“My mouth tastes funny,” Binkle smacked his lips. “It’s been like this all day. Your brother was here earlier, by the way.”
“Did he pay his tab?” Beelzebub sipped on his drink
“Well, he grumbled when I asked him of it,” Binkle prepped some finger foods for the devil then grabbed a mouthwash.
“Well that didn’t help,” Binkle said after a gargle and a spit. “So what made you do that?”
“Do what?” Beelzebub shook his empty glass in the air. Binkle relieved him of it as he handed him another.
“You know. Show up? When the girl summoned?” Binkle pushed a basket of fresh nachos to Beelzebub.
“Just felt like it. I mean, why not,” Beelzebub enjoyed Binkle’s skills as a bar chef.
“Something about the girl just beckoned me over. I don’t know. Maybe I was bored.”
“Did you just show up like that?”
Beelzebub was currently dressed in a way that a Beverly Hills yuppie would dress to look casual. Sports coat, t-shirt of a rock band they’ve barely heard the name of, darkened jeans, and shades.
“No, went with the classic,” Beelzebub turned into a hideous form that’d convince denizens of hell that there wasn’t a God.
“Wow,” Binkle said. “That kid’s going to need therapy.
In fact, Charles was in therapy until his senior year of high school. No one believed that he had seen a monster. As no one should. Everyone believed he was crazy. As one should when a child starts screaming and crying that he’s seen a monster and that everyone else can go to hell for not believing him. Once his parents could no longer afford his therapy, Charles turned to drugs and delved into cults that even Beezlebub’s brother Mammon found to be a senseless waste of goats. Eventually, after an emotional breakthrough with his friends and family, Charles decided to go to a dime-a-dozen art school that the same friends and family couldn’t convince him out of after they recently had such an emotional breakthrough. His obsession with flies didn’t win him many fans nor jobs. So after graduation, Charles worked through various fast food restaurants until he became a manager of one. Where he tried to swat a fly since by this point he grew an insatiable hatred towards them, and ended up falling face first into a deep fryer and died.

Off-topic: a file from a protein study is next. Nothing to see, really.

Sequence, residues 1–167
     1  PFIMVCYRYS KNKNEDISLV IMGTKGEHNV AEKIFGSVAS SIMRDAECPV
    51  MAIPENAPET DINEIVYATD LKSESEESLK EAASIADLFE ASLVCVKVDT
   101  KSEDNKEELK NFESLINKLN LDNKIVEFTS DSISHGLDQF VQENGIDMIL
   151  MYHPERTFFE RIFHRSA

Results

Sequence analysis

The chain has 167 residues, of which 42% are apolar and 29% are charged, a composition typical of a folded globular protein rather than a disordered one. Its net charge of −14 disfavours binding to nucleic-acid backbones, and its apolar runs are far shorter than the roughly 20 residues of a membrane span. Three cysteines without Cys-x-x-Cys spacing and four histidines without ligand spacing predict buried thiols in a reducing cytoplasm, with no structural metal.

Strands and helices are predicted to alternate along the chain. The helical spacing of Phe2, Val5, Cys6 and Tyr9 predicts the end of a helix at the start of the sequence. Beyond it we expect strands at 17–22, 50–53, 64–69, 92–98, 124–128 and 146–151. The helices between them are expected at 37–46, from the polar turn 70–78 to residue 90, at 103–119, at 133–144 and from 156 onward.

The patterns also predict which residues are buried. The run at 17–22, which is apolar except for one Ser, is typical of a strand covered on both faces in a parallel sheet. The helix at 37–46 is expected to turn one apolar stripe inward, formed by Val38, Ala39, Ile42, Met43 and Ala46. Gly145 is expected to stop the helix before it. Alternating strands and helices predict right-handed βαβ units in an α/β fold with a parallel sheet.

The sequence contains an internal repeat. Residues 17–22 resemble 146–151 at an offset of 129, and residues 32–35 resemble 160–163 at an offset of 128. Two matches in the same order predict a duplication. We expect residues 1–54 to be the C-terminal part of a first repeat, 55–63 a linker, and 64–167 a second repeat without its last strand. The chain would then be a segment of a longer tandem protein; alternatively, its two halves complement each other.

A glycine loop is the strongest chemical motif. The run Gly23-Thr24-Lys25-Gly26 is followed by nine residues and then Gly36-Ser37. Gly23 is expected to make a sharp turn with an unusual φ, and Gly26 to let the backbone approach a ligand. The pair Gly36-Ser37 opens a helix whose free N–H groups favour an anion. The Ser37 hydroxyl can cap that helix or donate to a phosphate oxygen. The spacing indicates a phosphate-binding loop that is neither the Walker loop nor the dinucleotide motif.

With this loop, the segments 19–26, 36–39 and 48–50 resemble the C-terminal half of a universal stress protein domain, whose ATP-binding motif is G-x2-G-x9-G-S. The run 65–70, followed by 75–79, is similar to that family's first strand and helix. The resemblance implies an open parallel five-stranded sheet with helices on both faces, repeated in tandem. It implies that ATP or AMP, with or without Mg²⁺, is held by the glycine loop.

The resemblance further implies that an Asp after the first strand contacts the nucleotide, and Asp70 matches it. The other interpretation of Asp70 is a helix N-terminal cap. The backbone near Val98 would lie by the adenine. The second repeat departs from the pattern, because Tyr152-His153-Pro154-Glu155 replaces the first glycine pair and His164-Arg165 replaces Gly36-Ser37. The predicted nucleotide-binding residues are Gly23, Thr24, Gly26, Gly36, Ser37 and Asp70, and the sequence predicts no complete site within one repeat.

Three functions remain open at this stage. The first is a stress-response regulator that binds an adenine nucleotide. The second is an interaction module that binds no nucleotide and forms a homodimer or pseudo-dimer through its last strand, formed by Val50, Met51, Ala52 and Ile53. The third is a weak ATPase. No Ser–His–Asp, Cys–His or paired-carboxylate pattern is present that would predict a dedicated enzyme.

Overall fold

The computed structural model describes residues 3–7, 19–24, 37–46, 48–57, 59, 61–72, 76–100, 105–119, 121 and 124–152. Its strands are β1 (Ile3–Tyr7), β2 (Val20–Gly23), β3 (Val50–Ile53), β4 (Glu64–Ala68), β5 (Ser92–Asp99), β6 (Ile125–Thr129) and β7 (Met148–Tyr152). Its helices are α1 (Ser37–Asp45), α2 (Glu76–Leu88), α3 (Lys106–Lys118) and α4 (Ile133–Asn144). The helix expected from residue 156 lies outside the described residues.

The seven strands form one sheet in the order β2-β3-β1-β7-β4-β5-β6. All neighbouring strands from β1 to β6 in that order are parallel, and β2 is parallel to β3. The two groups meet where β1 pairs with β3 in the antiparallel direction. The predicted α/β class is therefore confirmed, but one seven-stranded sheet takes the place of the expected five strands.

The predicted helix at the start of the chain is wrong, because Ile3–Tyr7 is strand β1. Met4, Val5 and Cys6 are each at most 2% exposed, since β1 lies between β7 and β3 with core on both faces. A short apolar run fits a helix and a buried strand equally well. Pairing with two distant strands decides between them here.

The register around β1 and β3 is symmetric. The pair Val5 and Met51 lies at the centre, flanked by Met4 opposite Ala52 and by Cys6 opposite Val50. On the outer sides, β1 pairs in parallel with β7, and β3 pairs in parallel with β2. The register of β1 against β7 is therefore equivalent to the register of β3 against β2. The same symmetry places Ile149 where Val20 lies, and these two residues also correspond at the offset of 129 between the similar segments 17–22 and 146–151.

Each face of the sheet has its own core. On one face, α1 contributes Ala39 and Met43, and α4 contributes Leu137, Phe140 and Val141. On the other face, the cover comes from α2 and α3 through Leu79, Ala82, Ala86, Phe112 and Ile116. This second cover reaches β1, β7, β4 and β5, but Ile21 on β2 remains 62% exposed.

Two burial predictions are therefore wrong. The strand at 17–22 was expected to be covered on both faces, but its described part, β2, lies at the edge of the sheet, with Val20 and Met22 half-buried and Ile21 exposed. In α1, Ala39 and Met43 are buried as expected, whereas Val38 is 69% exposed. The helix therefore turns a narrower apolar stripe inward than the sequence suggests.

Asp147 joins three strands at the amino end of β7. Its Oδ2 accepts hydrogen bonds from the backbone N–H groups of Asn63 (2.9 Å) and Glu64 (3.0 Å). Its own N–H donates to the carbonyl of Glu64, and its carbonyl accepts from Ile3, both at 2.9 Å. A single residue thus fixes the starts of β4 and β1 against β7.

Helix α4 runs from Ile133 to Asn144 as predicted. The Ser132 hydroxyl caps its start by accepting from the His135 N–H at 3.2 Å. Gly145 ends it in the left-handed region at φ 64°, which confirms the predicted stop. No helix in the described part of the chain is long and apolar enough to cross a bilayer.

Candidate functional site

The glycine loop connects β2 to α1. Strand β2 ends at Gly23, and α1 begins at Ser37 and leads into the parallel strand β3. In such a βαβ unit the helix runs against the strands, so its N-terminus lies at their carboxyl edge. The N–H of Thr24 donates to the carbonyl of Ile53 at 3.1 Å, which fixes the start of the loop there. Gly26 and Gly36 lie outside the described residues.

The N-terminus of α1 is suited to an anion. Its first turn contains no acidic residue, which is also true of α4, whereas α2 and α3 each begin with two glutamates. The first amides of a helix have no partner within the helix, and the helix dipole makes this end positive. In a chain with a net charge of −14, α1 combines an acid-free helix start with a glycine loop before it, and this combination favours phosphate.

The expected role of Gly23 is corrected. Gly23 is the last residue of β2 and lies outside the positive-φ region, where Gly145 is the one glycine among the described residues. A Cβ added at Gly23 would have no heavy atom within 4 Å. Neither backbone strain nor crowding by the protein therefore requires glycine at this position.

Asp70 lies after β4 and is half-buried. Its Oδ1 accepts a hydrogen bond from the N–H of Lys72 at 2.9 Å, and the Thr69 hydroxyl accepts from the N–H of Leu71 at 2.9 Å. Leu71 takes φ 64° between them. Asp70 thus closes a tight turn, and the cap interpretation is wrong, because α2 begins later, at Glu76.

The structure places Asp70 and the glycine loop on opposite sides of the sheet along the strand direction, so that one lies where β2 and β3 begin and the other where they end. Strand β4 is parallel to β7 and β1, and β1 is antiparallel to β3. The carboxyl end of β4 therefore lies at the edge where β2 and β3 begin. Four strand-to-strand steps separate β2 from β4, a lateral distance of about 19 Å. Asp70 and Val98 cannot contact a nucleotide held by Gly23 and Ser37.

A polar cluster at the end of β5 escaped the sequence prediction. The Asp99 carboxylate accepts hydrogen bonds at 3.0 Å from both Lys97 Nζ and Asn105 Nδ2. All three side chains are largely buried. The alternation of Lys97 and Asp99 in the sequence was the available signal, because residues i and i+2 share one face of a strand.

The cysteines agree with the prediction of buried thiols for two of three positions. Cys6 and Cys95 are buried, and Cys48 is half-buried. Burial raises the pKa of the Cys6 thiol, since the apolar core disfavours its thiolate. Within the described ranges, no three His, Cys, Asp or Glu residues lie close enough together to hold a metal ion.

Don’t kick sand at people, kids.
“You’re other brothers are not going to not like that. And I’m not talking about the ones in hell. And by brothers I mean just one,” it took a lot of courage from Binkle to warn Beelzebub like that.
He studied carefully of the Lord of the Flies’ reaction. The Lord simply sipped on his drink, deep in thought.
“So, what now?” Binkle asked. “Are you going to try to bring her here?”
“I’m done with her. It was fun. But can’t turn a little fun into a headache,” Beelzebub said as he watched Binkle drink a shot of whiskey to get the funny taste out of his mouth with to no avail.
The heavy padded doors of the bar slammed open. A flood of light filled the bar with heaven’s glory. A heavy aura of the divine made the other patrons of the bar uncomfortable, perturbed, and annoyed.
A tall, fit man in a white robe and golden locks calmly walked toward Beelzebub.
“Brother,” the archangel spoke with a voice of grace and magnitude. “We need to talk.”
This is from a novella I was working on that I ended up putting aside when I had to work on different projects. I decided to post it on the blog and finish the story up here as well.
I don’t think it’ll end up being a novella as planned and probably will be a longer-short story.
I’ll try to post every Monday.